Phil Webster

Phil Webster Design
Pittsfield, MA
All of my work stems from one core impulse: to celebrate the inherent beauty of mathematical forms. These forms appear all around us—in trees and crystals, in dunes and flowers, in ancient temples and modern skyscrapers. Rather than directly depict these outer manifestations, I explore the abstract forms underlying it all—polyhedra, fractals, tessellations, lattices. There is something sacred in the creation and viewing of these forms that allows me to meditate on the infinite patterns present in the deep structure of our world.

Since traveling to India in 2012, I have been particularly focused on blending traditional Islamic motifs with polyhedra and fractals. The results are distinctly Islamic in flavor but with a modern twist.
Islamic 12-Pointed Star
7″ x 7″ x 7″
3D Printed Composite
This 12-pointed star shape is formed by a cluster of 12 zonohedra generated from the vertex directions of the dodecahedron. I then decorated the surfaces of the star with an Islamic geometric star pattern based on five- and ten-fold symmetries. Since the rhombi that form the faces of the star are not made up of angles like 36 or 72 degrees (as many people assume), the pattern had to be subtly adjusted to fit the surface, but the distortions are small enough not to be apparent - a common technique in traditional Islamic geometric constructions.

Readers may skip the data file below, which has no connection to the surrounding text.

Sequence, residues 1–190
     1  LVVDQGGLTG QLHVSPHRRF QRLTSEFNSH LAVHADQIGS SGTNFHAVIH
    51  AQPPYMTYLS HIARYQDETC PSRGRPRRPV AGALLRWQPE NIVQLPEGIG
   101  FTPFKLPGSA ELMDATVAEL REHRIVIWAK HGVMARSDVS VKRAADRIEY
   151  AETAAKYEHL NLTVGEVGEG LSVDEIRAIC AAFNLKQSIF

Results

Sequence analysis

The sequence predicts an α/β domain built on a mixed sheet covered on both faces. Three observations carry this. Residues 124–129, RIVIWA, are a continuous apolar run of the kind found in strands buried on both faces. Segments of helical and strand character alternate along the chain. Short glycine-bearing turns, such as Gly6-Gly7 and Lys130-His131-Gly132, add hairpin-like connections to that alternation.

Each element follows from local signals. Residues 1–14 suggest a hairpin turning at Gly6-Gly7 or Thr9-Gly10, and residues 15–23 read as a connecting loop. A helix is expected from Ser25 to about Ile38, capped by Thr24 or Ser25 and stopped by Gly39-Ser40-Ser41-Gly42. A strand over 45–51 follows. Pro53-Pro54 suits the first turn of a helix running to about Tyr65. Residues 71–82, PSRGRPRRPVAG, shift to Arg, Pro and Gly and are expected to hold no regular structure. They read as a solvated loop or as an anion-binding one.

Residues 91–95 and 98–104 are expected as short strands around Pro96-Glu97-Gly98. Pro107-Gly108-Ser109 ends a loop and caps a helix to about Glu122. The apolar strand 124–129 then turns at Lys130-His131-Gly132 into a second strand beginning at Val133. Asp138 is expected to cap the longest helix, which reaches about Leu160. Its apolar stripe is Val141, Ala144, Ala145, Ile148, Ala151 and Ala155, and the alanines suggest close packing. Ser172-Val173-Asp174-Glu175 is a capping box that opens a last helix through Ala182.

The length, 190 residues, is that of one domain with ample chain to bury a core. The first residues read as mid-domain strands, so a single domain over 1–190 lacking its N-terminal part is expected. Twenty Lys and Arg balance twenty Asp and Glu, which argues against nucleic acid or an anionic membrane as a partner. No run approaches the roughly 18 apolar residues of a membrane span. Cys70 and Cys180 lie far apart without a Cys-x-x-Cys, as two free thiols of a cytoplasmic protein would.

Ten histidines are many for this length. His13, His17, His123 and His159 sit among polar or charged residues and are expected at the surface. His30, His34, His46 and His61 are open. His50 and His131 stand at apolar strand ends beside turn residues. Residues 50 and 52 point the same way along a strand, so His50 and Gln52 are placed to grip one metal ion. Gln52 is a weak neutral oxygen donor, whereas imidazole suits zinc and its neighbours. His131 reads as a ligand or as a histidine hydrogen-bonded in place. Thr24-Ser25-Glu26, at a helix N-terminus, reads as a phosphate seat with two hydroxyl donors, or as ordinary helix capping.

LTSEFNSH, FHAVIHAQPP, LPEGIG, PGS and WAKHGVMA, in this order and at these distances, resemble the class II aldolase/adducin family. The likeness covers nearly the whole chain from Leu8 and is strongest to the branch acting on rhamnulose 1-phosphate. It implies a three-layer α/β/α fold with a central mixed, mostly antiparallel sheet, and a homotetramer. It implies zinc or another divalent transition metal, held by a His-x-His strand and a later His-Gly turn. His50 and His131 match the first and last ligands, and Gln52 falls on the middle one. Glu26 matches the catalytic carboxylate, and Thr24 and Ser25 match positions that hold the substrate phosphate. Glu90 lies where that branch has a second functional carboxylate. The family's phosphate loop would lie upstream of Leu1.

Once the piece was designed, I created it using a 3D printer that prints in full color using a plaster-based composite. Hence the colors are inherently part of the object, not applied afterwards.
Infinity Flower III
24" x 24"
Digital print on aluminum
This work is part of my Fractal Islamic Pattern series. Using techniques of my own creation, I take traditional Islamic motifs (in this case, a 10-sided rosette) and combine them in fractal arrangements at infinite scales. In this case, the fractal progression starts from a central ring of 10 rosettes (in dark red) and proceeds both inward and outward (towards bright yellow). In the center, the tiling shrinks in a neat star-like pattern, but around the edges a complicated fractal boundary emerges.